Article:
roger ebert

"He was really happy that morning."
Josh Gad and Will Ferrell will play the guys behind the X-rated "Beyond the Valley of the Dolls."
I love it, but it's also harder than it looks. As someone who loves movies and loves talking about movies, it's amazing to be get paid to watch films and then tell you what I think about them. Some of my earliest memories of and contact with films was via Roger Ebert and the shows "Sneak Previews" and "At the Movies," and I never would've guessed that I'd be doing it myself some day.
That much I gleaned from watching Life Itself, the acclaimed documentary from director Steve James (Hoop Dreams), which is based on Ebert's 2011 memoir, and is actually streaming on Netflix now.
Every time I go see something in a theater, I never really go in alone, but Roger Ebert comes with me, as with questions of what Roger would write.
Movies, said film critic Roger Ebert, are like an "empathy machine." Their mission: to help us understand a bit more about others' hopes, their fears, their dreams. Movies allow us to walk in others' shoes. They help us "identify with the people who are sharing this journey with us."
The JFF programming is vibrantly eclectic, with over 200 movies from 50 countries. While many are Israeli, others span varied genres, nations, themes and styles. I've experienced the thrill of discovery with two of the selections screened thus far.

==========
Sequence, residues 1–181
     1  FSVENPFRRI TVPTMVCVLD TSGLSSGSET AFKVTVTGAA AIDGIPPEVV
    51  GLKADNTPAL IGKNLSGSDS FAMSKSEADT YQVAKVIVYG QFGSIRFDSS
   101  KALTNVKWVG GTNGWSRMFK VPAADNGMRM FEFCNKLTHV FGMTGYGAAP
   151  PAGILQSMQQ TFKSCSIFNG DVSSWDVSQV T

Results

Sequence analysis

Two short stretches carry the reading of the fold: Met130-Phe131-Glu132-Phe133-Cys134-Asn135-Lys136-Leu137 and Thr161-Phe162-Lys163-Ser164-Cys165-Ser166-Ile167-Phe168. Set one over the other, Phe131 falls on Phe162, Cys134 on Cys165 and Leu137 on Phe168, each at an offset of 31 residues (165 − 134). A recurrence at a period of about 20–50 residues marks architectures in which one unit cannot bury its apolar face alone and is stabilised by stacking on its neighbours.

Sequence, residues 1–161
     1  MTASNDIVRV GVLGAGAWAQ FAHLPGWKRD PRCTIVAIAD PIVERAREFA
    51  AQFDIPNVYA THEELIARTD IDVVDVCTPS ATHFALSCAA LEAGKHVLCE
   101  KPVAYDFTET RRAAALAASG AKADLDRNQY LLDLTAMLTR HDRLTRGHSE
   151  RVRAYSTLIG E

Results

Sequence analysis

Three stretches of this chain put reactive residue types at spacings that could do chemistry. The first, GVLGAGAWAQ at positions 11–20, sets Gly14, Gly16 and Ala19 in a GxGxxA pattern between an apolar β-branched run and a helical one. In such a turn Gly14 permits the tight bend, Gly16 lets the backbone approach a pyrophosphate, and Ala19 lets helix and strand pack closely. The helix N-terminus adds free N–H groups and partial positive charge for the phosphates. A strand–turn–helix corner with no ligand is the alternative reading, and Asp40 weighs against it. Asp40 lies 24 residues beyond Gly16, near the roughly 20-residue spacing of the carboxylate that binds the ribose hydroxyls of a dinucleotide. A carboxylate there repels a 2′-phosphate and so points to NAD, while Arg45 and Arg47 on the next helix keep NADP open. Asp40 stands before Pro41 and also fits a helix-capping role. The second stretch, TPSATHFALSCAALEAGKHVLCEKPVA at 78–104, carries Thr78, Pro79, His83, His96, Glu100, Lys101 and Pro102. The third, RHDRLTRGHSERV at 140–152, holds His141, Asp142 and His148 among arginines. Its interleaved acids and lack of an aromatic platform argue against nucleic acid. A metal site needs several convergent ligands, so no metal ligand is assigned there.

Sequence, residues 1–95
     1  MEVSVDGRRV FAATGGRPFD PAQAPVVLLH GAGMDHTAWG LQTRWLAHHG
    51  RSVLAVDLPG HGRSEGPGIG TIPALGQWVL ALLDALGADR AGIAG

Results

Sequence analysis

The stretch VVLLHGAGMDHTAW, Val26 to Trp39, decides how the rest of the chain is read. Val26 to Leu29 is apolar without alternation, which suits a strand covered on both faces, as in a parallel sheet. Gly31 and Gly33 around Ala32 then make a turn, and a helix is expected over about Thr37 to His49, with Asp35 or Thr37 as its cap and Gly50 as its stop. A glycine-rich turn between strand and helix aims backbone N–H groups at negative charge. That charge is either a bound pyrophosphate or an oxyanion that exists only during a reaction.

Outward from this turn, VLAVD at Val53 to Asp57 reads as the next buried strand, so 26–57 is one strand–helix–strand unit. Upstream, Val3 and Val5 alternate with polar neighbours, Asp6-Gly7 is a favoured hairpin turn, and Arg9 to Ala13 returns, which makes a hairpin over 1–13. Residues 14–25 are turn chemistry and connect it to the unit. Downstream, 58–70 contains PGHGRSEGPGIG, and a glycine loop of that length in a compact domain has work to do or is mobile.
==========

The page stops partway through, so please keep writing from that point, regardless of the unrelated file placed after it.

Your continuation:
While all 55 chapters are 4-star reads, the final nine offer moving evidence that, for a man who could not speak, he had restorative observations to make and therapeutic reflections to share.
Watching the film of his life, I was proud of the man on the screen and that second life he found. He was not quite the man I knew, but... I really did know, somehow, back then, that the man he would become was in there, getting ready for his "close up."
I'm not a movie expert or someone trying to be what I think a critic is supposed to be, but simply a guy who loves movies and loves writing about them.